Top 10 Survival essentials

Gordon from Bushcraft Survival Australia runs us through the essential equipment we should all be carrying on our outdoor adventures 


Have you ever thought about what could go wrong while you’re out exploring the great outdoors? Sure, a lot of us don’t really give it a second thought, but the reality is preparing and carrying an emergency kit containing the bare essential supplies could literally be your saving-grace if things don’t go according to plan. Maybe you wind up lost after a big day bush walking, or you injure yourself while out mountain biking. Heck, if you lose control of your vehicle and crash in a remote location, it would be mighty handy to have a few essential items to help you get through the situation, right? With that in mind, we picked the brains of bush craft and survival expert, Gordon Dedman to got the low-down on his pick of the top 10 things to carry in your survival pack. 


This is probably the most important tool to carry as it literally allows you to make a whole bunch of other essential items from natural resources if required. Plus, to make an equivalent cutting tool from natural materials in the field requires considerable knowledge and time. Ideally it should be a full tang 5” (11cm) carbon or stainless steel knife without serrations or saws built-in to it as these inhibit its practical use. 


If you don’t have a cigarette lighter or matches, the best thing you can have with you is a sparking tool such as a Ferro Rod. This is a mixture of magnesium and different alloys that produces a hot shower of sparks when struck appropriately, allowing you to ignite your tinder to create a fire. A fire can be used for warmth, cooking and preparing water for consumption.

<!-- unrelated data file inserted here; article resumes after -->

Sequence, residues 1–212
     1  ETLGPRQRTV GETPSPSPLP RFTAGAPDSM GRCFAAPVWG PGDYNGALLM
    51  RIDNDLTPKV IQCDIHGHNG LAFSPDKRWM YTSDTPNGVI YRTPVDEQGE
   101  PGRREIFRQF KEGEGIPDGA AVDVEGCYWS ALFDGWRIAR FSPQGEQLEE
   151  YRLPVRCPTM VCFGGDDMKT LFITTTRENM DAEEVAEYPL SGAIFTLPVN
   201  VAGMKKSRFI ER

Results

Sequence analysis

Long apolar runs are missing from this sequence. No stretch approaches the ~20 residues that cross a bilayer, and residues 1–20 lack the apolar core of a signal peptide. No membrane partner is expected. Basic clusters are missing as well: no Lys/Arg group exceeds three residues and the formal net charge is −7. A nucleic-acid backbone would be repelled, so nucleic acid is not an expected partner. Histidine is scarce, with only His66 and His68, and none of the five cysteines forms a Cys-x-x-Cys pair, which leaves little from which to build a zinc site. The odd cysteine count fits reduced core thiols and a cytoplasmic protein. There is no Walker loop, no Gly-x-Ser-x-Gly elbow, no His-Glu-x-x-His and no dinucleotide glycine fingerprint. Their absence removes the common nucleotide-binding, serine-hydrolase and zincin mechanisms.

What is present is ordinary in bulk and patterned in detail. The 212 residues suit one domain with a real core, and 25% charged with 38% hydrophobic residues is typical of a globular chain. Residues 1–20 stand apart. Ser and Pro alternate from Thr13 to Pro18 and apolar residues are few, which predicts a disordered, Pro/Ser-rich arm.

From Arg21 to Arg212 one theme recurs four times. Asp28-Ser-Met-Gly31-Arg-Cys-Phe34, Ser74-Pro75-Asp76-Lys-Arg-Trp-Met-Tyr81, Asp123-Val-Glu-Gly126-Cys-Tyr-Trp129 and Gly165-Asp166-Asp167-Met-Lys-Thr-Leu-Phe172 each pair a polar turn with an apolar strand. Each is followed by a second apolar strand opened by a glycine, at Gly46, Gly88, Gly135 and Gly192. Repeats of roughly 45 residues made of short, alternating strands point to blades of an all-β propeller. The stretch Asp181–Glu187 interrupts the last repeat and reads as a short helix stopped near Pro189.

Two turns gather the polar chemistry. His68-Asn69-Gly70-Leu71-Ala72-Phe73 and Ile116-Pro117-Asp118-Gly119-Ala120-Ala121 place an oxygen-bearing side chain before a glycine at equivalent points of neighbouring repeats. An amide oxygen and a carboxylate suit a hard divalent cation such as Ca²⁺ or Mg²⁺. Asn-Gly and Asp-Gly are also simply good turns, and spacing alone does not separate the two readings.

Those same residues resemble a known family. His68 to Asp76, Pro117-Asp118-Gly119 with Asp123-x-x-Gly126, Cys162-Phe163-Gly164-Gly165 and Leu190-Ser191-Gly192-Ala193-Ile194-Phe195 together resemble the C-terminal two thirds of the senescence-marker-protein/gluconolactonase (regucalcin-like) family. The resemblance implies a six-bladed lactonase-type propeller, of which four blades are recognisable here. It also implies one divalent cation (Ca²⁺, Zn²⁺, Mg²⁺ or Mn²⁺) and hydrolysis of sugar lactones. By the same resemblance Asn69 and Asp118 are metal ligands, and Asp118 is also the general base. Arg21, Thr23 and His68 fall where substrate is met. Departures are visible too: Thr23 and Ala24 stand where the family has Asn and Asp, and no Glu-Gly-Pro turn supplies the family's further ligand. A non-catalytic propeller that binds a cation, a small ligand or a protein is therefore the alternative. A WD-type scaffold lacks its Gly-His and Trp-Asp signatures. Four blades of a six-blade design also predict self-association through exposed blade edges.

This could be a re-usable space blanket/tarp which reflects up to 70-80% of your body heat back to you or a large heavy duty garbage bag which can be used as a raincoat, moisture barrier, ground sheet, water carrier, filled with leaves for insulation, cut open and tied into a shelter. To make a shelter from natural materials (lean-to, wickiup, A-frame etc) is very time consuming and requires a lot of resources


Ideally pack a metal container and a nesting cup, as you need a way of carrying water as well as boiling it. Boiling is the best way to ensure water is safe to drink, but to make a container from natural materials requires a knowledge of how to make a coal burned bowl, a folded paperback coolamon or bark containers, all which you can boil water in using hot rocks. 


Parachute cord is the best as it has 7 inner strands and each one of these 7 strands can be broken down into 2 smaller fibres. If you break the cord down to these fibres, you can use them for fishing line, trap making and repair cord. To make cordage or string in nature is very time consuming and requires a knowledge of plant resources and string making.


This allows you to stay on course when moving from A to B and aids in direction finding. A “sighting compass” also has a mirror that can be used as a heliograph or for first aid.
If you don’t have a compass you will need to learn about natural navigation and finding direction from the sun, stars and other means


This has multiple uses: head/neck scarf, filtering device, triangular bandage, sling, cordage, improvised bag, net. If it’s 100% cotton it can be used to make char-cloth too. An orange bandanna can also be used as a signalling device.


Used for mending things, water proofing, cordage, first aid, even to make an improvised water-proof cup.


Used mainly as a light source but can also be used to make fire using the batteries and a piece of steel wool. 


This is personal choice but should have any prescribed medicines, items to deal with small cuts, scratches, bites and stings, iodine and alcohol preps, antiseptic ointment, small vial of Condees Crystals (Potassium Permangenate) and an assortment of needles including a cloth sail needle for kit repairs.